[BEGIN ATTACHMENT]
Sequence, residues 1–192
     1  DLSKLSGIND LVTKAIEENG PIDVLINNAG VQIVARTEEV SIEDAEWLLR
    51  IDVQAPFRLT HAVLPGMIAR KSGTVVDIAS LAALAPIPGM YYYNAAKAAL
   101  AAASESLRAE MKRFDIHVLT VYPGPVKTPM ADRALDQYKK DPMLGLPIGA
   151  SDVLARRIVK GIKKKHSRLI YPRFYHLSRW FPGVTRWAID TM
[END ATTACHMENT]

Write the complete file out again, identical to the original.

Sequence, residues 1–192
     1  DLSKLSGIND LVTKAIEENG PIDVLINNAG VQIVARTEEV SIEDAEWLLR
    51  IDVQAPFRLT HAVLPGMIAR KSGTVVDIAS LAALAPIPGM YYYNAAKAAL
   101  AAASESLRAE MKRFDIHVLT VYPGPVKTPM ADRALDQYKK DPMLGLPIGA
   151  SDVLARRIVK GIKKKHSRLI YPRFYHLSRW FPGVTRWAID TM